Investors, usually hedge funds, often used credit default swaps to take offsetting positions in different tranches of the same CDO security; that way they could make some money as long as the CDOs performed, but they stood to make more money if the entire market crashed. An FCIC survey of more than 170 hedge funds encompassing over $1.1 trillion in assets as of early 2010 found this to be a common strategy among medium-size hedge funds: of all the CDOs issued in the second half of 2006, more than half of the equity tranches were purchased by hedge funds that also shorted other tranches. The same approach was being used in the mortgage-backed securities market as well. The FCIC's survey found that by June 2007, the largest hedge funds held $25 billion in equity and other lower-rated tranches of mortgage-backed securities. These were more than offset by $45 billion in short positions.
Once again, CDOs and CDS are used with the explicit purpose of exploiting secrecy, of keeping outsiders in the dark. As Pellegrini testified:
It was implicit in the relationship between Paulson and Goldman Sachs that Paulson would not disclose that Goldman Sachs was involved in transactions involving Paulson and vice versa.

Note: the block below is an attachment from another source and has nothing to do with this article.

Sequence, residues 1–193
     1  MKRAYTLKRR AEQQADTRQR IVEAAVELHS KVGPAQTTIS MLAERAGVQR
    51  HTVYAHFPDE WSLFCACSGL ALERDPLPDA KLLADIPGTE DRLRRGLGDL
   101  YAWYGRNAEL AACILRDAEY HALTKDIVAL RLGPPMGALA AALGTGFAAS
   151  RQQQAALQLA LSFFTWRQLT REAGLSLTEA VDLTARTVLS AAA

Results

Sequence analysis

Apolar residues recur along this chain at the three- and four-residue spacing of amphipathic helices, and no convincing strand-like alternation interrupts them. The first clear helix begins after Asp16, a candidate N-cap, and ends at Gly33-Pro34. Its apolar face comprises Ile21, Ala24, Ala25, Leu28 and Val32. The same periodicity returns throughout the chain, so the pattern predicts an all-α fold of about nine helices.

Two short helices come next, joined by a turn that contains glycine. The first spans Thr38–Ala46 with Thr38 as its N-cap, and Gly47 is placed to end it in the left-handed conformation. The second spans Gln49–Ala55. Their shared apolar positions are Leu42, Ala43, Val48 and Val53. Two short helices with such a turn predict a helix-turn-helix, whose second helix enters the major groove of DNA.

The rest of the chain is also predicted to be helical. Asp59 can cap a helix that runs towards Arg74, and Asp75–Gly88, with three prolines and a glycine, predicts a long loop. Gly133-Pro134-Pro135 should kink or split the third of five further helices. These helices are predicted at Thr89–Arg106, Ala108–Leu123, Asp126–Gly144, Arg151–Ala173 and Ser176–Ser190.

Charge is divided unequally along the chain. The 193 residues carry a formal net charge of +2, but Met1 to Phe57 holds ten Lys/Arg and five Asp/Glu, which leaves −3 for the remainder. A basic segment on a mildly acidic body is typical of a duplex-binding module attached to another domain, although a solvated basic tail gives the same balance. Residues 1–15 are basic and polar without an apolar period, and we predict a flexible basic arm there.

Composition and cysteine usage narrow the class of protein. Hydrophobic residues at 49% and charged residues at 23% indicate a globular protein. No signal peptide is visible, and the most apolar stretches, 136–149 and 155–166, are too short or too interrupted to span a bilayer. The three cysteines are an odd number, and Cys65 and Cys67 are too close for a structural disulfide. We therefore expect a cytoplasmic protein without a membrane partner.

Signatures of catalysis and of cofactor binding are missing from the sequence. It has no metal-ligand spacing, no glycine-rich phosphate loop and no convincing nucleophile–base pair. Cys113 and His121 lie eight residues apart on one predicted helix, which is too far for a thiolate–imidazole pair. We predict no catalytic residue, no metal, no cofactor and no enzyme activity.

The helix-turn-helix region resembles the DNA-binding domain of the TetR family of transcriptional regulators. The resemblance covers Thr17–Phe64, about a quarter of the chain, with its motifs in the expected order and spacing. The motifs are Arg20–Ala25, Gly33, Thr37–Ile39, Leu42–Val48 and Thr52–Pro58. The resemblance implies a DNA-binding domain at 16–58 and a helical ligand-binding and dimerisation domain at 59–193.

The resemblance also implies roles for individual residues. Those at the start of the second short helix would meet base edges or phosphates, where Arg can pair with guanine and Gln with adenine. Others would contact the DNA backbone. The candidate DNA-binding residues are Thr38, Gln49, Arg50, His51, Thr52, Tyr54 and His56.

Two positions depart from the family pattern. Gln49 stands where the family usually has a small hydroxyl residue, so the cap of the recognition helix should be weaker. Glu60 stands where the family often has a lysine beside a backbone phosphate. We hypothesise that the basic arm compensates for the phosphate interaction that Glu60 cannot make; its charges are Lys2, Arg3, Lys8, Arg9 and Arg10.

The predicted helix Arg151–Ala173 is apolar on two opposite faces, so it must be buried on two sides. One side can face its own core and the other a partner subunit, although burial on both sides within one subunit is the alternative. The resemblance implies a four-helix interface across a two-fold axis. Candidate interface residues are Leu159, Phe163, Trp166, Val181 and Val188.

At that time, almost a year after his first effort to smear Schwartz, Pellegrini also testified that he could not remember whether he informed her or anyone from ACA of his intent to short the entire CDO portfolio. Again, Pellegrini has good reason to speak out of two sides of his mouth. If he says he told her, then he was colluding with her to perpetrate a fraud, which was why it was wise not to remember. But if he says he told her, then he undercuts the SEC case. He also undercuts the fraud case
filed by ACA against Paulson on January 3, 2013. So why not split the difference and say she was too dumb not to understand what he was saying?
After reviewing a lot of testimony by a lot of players in the financial crisis, its apparent that they lie under oath a lot. But they lie with an awareness that its almost impossible to hold them legally accountable. Think of it this way. If you asked a dozen middle aged New Yorkers what they remember about 9/11, and they all say nothing comes to mind, then, by my reckoning, somebody is lying. But it's impossible to prove what people know or don't know. Pellegrini, who partnered up with Chepiga once again, lied relentlessly, sometimes in ways that failed the laugh test. For instance, Pellegrini said he wasn't sure what CDO stood for.